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28 May 2007

Notes On The Week That Was, Part II (Why I Teach)


* Well, this is why I teach. Take all your classroom idiocy, your crypto-thugdom, and your senior apathy. It can't ever match the power of the really fine moments, the really fine kids.

Though I was running on fumes by this evening, the Underclassmen Awards ceremony was truly one of the best events I've been a part of as a teacher - top 5, easy.

To begin with, the format is wonderful, because only students who are going to win something get invited, along with their families. Some say the other students should see these awards during school hours, so they might take away some motivation from it. But this way of doing things allows for an efficient program, and also allows for relaxation: you know you only have good kids in the auditorium, kids who want to be there (and their parents, natch).

For me, the real thrill of the evening came in watching so many of the kids who have meant so much to me in the last couple of years walk across the stage and receive numerous rewards. And it was my privilege to hand them the awards and shake their hands. What an honor - what an absolute honor.

Seated to my left was a girl who has been in my classes, either English or yearbook, for parts of three years (I'll call her Lizzy). It was her job, as student government vice-president, to introduce the speakers, and I was proud to watch how poised and professional she was. Lizzy wouldn't look my in the eye for a while the day I announced I was leaving. She waited until she'd finished crying.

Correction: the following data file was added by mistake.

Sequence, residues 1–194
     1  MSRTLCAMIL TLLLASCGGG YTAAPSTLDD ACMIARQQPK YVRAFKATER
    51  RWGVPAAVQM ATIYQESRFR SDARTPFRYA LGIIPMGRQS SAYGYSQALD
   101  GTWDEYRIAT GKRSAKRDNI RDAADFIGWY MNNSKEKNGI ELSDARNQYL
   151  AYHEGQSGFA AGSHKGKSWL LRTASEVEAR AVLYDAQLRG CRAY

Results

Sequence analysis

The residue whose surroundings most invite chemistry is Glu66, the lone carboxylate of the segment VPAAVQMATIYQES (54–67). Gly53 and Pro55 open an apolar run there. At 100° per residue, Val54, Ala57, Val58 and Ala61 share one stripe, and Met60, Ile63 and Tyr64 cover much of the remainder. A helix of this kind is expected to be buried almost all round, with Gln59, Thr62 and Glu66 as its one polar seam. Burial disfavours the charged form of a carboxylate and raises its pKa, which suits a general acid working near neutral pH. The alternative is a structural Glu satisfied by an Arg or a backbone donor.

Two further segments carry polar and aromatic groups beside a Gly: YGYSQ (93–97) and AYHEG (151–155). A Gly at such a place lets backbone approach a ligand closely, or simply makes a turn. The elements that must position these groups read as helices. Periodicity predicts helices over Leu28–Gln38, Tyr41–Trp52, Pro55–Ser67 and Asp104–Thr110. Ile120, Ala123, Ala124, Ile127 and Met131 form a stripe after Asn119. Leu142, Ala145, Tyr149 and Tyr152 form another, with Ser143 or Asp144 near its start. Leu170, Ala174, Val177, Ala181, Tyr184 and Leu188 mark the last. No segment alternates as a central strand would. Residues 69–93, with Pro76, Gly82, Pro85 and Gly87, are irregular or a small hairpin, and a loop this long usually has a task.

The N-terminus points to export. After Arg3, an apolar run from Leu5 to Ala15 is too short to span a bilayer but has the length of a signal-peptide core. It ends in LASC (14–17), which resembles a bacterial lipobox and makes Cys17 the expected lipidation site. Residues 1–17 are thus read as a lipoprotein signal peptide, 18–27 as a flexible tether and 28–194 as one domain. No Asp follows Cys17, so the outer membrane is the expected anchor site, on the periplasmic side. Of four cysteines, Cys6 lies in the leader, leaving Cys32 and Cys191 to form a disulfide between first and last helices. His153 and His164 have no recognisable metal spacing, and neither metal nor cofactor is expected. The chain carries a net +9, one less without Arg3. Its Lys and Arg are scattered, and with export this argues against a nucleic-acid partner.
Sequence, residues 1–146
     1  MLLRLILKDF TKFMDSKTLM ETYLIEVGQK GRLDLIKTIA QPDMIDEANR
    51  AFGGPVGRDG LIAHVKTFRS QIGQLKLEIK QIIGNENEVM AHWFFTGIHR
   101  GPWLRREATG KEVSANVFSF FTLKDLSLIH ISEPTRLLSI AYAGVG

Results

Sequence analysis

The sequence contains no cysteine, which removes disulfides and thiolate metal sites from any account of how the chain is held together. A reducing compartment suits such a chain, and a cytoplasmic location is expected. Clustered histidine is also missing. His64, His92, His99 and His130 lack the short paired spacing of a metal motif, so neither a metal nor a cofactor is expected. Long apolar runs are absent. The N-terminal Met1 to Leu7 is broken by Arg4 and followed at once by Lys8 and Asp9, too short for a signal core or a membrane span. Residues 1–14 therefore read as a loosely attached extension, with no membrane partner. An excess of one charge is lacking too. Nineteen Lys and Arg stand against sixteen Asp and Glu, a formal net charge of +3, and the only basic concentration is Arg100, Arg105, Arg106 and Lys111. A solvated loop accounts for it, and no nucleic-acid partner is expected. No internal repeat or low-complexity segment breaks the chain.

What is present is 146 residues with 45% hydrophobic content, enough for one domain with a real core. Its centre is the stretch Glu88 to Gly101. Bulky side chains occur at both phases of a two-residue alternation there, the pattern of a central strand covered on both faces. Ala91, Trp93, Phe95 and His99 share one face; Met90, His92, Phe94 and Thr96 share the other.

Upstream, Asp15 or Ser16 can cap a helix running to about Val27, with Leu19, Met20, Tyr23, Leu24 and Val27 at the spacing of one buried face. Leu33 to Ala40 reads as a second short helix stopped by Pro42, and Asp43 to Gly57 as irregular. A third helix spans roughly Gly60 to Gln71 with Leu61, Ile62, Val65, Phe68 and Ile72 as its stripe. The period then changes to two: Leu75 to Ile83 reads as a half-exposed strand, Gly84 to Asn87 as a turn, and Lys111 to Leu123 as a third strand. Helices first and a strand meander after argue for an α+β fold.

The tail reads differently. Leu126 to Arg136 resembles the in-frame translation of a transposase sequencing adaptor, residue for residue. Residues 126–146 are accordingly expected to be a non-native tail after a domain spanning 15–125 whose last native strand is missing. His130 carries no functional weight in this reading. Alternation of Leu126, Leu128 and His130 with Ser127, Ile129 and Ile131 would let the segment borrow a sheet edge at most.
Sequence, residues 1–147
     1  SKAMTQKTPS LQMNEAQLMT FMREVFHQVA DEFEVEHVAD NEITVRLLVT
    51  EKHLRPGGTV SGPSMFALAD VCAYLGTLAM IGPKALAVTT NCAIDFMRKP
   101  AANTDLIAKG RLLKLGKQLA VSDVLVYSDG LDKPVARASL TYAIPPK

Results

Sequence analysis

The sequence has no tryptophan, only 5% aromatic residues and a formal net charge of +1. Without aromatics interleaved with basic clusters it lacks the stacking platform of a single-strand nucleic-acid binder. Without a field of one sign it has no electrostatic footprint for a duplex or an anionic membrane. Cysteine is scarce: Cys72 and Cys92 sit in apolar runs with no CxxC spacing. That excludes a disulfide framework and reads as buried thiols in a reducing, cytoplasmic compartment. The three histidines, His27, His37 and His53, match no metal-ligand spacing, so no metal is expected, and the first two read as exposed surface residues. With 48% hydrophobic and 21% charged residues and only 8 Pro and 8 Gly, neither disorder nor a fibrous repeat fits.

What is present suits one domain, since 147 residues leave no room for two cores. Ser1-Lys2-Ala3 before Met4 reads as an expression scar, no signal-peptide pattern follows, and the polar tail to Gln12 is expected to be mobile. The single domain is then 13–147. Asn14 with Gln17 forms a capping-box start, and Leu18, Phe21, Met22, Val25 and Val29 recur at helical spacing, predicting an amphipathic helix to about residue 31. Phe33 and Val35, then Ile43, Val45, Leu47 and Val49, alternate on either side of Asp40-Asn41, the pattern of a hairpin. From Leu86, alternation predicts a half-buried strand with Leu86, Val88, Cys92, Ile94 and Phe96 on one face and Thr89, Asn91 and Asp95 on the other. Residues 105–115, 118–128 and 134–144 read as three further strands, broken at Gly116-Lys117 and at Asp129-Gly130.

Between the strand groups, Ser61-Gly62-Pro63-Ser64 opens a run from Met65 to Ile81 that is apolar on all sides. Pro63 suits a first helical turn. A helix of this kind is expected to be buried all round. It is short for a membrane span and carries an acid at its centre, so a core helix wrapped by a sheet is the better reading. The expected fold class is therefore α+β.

And maybe the best moment was when the girl I had quietly lobbied for as Best All-Around Sophomore - I'll call her Jess - actually won the award (I didn't know who had won until I turned the plaques over just before presenting them - when I saw she had won that award, and the award for highest sophomore grade-point average, I wanted to pump my fist). Jess is everything you could ask for in a student - bright, inquisitive, cheerful, polite, popular among her peers and yet an individual who always does the right thing. She's a pretty girl who refuses to get hung up on boyfriend dramas, and she's humble and considerate of even the unpopular kids in class. I told her Mama that I don't believe in cloning, but I would make an exception for her daughter. Way to go Jess.

Another of my students who I've had for parts of three years also won several awards, but most impressively it was announced he had a painting that won a Congressional contest award, and the painting is currently hanging in the nation's Capitol building. In June he gets to go to a reception in D.C., and he has also earned a $10,000 art scholarship. And knowing this boy, I can promise you he will one day do the humanities proud, in a way that will cut against the grain of the reigning elitist, po-mo schools of thought.

Not bad for a little ole' school. Not bad at all.


*I had my last observation today, and it went well, especially since my worst second-period headache was suspended for the day (I'll thank myself for that one). I'm beat, though. Happy, but thoroughly beat.

There are two more weeks of school left, plus three workdays. Of course, when you are in charge of a fall yearbook, the summer is never truly your own until the book is finally put to rest. I don't have to finish it off this summer, since I'm leaving and all, but I will (cue martyr's music now).

For now, though, with so many thoughts and emotions and responsibilities flying at me, I'm content to be content for a few days.

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